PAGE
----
Creator
Date
June 27, 1964
Place
Corner of Cuba and Pitt Street, Palmerston North
 
Memorial, Maori Battalion Hall

Memorial, Maori Battalion Hall

Memorial alcove within the Maori Battalion Hall on the corner of Cuba and Pitt Streets. Inscribed on brass plates are the names of soliders from the 28th Maori Battalion who died while serving overseas, with photographs of members surrounding the panels. Four carved wooden statues, each uniquely identifying A, B, C & D companies of the Battalion, lie in the foreground on either side of the alcove.

 
Opening of Maori Battalion Hall

Opening of Maori Battalion Hall

The Maori Battalion Hall, named 'Te Rau Aroha' (emblem of gratitude), was erected in Palmerston North as a national memorial to the men of the 28th (Maori) Battalion who lost their lives in the Second World War. It was designed by John Scott, architect of Hastings, and the 14 carved panels on the facade (8 feet x 1 foot 6 inches) were carved by Kelly Kereama of Feilding. Inside 639 names of those who did not return are inscribed on 14 brass plates. All the concrete, both inside and out, was left unplastered and with the marks of the boxing to symbolise the strength of the Maori people. The three-storey building was planned as a community centre to serve all races and was opened in June 1964 by the Governor General, Sir Bernard Fergusson. Mayor Gilbert Rennie was also in attendance, as well as a number of Maori veterans.

Creator
Date
June 27, 1964
Place
Corner of Cuba and Pitt Street, Palmerston North
 
Durie Hill Memorial Tower, Whanganui

Durie Hill Memorial Tower, Whanganui

Constructed in 1925, the Durie Hill Memorial Tower is the official Wanganui Memorial to the 513 people from the district who died in World War One. The tower is 33.5 metres high (104 feet) and the lookout deck is 113 metres (372.2 feet) above sea level and provides panoramic views of the city.

 
Durie Hill Memorial Tower, Whanganui

Durie Hill Memorial Tower, Whanganui

Constructed in 1925, the Durie Hill Memorial Tower is the official Wanganui Memorial to the 513 people from the district who died in World War One. The tower is 33.5 metres high (104 feet) and the lookout deck is 113 metres (372.2 feet) above sea level and provides panoramic views of the city.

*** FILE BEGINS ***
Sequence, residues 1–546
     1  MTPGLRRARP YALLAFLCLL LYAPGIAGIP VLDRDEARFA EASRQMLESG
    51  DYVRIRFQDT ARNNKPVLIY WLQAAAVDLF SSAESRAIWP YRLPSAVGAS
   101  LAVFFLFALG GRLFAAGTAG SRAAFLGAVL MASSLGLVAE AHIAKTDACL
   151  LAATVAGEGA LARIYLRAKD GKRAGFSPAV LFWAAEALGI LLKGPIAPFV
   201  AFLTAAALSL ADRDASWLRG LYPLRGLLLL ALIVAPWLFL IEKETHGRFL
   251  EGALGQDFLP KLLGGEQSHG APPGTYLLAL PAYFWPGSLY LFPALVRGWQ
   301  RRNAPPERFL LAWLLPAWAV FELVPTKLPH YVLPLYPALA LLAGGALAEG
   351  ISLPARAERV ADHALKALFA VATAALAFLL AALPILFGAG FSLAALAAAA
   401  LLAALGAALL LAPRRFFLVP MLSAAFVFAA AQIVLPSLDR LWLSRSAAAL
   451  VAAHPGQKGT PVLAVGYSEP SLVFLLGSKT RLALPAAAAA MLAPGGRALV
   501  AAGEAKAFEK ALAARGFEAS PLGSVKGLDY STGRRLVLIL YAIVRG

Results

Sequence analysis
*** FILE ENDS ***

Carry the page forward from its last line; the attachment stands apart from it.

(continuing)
Opening of Maori Battalion Hall

Opening of Maori Battalion Hall

The Maori Battalion Hall, named 'Te Rau Aroha' (emblem of gratitude), was erected in Palmerston North as a national memorial to the men of the 28th (Maori) Battalion who lost their lives in the Second World War. It was designed by John Scott, architect of Hastings, and the 14 carved panels on the facade (8 feet x 1 foot 6 inches) were carved by Kelly Kereama of Feilding. Inside 639 names of those who did not return are inscribed on 14 brass plates. All the concrete, both inside and out, was left unplastered and with the marks of the boxing to symbolise the strength of the Maori people. The three-storey building was planned as a community centre to serve all races and was opened in June 1964 by the Governor General, Sir Bernard Fergusson. Mayor Gilbert Rennie was also in attendance, as well as a number of Maori veterans.

Creator
Date
June 27, 1964
Place
Corner of Cuba and Pitt Street, Palmerston North
 
Opening of Maori Battalion Hall

Opening of Maori Battalion Hall

The Maori Battalion Hall, named 'Te Rau Aroha' (emblem of gratitude), was erected in Palmerston North as a national memorial to the men of the 28th (Maori) Battalion who lost their lives in the Second World War. It was designed by John Scott, architect of Hastings, and the 14 carved panels on the facade (8 feet x 1 foot 6 inches) were carved by Kelly Kereama of Feilding. Inside 639 names of those who did not return are inscribed on 14 brass plates. All the concrete, both inside and out, was left unplastered and with the marks of the boxing to symbolise the strength of the Maori people. The three-storey building was planned as a community centre to serve all races and was opened in June 1964 by the Governor General, Sir Bernard Fergusson. Mayor Gilbert Rennie was also in attendance, as well as a number of Maori veterans.

Creator
Date
June 27, 1964
Place
Corner of Cuba and Pitt Street, Palmerston North
 
Opening of Maori Battalion Hall

Opening of Maori Battalion Hall

The Maori Battalion Hall, named 'Te Rau Aroha' (emblem of gratitude), was erected in Palmerston North as a national memorial to the men of the 28th (Maori) Battalion who lost their lives in the Second World War. It was designed by John Scott, architect of Hastings, and the 14 carved panels on the facade (8 feet x 1 foot 6 inches) were carved by Kelly Kereama of Feilding. Inside 639 names of those who did not return are inscribed on 14 brass plates. All the concrete, both inside and out, was left unplastered and with the marks of the boxing to symbolise the strength of the Maori people. The three-storey building was planned as a community centre to serve all races and was opened in June 1964 by the Governor General, Sir Bernard Fergusson. Mayor Gilbert Rennie was also in attendance, as well as a number of Maori veterans.

Creator
Date
June 27, 1964
Place
Corner of Cuba and Pitt Street, Palmerston North
 
Maori Battalion Hall

Maori Battalion Hall

The Maori Battalion Hall, named 'Te Rau Aroha' (emblem of gratitude), was erected in Palmerston North as a national memorial to the men of the 28th (Maori) Battalion who lost their lives in the Second World War. It was designed by John Scott, architect of Hastings, and the 14 carved panels on the facade (8 feet x 1 foot 6 inches) were carved by Kelly Kereama of Feilding. Inside 639 names of those who did not return are inscribed on 14 brass plates. All the concrete, both inside and out, was left unplastered and with the marks of the boxing to symbolise the strength of the Maori people. The three-storey building was planned as a community centre to serve all races and was opened in June 1964 by the Governor General, Sir Bernard Fergusson.

Creator
Date
August 21, 1966
Place
Corner of Cuba and Pitt Street, Palmerston North